Taking your show on the road
If you’re unhappy, a short vacation might give you a nice break. But if you’re thinking about long-term travel, you should know that you’re taking your personal show on the road, not changing the content of the show. If anything, the stress of travel will intensify your usual collection of moods. If those are negative, the result could be disastrous.
I’ve had the surrealistic experience of sitting in a hotel restaurant in absolute bliss with a friend — while listening to another guest rant about how horrible the very same hotel is and how his vacation was RUINED by the same experience I was enjoying. That guy got to feel righteous, I suppose, but I’d rather be blissed out.
The rest of my “don’t wanna” day
So how did my day turn out? I pushed past my resistance and did what I had to do to get to my new home. It wasn’t easy (four cab drivers refused to take me, and I wound up with the only taxi driver in Kuala Lumpur who doesn’t speak English!). But soon it was done. Then my dark cloud lifted.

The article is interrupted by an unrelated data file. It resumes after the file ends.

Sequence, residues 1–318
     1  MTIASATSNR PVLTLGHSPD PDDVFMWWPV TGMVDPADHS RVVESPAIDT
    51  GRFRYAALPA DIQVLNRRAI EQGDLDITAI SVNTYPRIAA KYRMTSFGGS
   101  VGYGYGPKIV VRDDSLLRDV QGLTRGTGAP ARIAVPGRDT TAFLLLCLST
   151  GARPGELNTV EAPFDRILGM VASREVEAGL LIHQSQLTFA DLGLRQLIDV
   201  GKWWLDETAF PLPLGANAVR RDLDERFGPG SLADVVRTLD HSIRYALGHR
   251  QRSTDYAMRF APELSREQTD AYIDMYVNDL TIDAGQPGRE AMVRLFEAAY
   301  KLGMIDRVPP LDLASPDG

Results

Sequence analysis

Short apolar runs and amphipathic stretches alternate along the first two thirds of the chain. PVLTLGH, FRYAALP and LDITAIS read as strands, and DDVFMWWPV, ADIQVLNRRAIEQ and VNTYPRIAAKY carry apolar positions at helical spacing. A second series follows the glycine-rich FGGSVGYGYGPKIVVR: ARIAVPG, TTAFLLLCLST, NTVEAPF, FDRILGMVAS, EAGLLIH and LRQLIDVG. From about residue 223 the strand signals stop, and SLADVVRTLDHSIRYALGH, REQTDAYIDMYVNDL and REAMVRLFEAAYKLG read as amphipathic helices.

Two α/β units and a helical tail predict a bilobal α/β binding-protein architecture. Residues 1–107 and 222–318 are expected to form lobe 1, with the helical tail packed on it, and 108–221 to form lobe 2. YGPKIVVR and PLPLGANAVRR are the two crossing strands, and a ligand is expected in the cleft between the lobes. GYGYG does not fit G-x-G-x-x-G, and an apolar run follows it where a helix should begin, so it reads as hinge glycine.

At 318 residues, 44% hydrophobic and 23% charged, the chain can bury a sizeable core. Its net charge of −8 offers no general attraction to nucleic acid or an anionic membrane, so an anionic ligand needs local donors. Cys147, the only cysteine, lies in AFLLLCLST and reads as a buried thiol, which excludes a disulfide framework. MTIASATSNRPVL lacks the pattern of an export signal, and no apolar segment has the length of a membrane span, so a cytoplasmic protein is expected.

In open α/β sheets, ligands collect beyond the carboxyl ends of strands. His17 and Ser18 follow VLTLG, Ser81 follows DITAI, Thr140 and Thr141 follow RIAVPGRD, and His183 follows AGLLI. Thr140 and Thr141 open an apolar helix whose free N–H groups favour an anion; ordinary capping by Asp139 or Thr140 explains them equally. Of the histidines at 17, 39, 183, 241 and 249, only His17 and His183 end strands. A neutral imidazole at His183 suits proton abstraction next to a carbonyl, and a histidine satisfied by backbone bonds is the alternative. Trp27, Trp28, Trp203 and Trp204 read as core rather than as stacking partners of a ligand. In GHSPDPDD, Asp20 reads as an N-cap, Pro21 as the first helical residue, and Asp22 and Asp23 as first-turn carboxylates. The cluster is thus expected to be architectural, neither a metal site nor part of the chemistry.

My new rented room is amazing. My hosts are travelers themselves, and very nice people. I have my own bathroom. There’s an infinity pool with a jacuzzi on the roof, and a glass-enclosed fitness center where I can hop on a treadmill and go for a walk in the sky!
I think I’m going to be happy here. 😉
About the author:
Lauren Haas is a nomadic freelance writer, traveling the world with everything she owns in a backpack. She writes regularly for CBS and WebPsychology and is creating a travel website at www.IndieTravel.guru. You can follow her personal travel blog at www.TheSoulOfAJourney.com.
Photo of Colca Canyon, Peru by Lauren Haas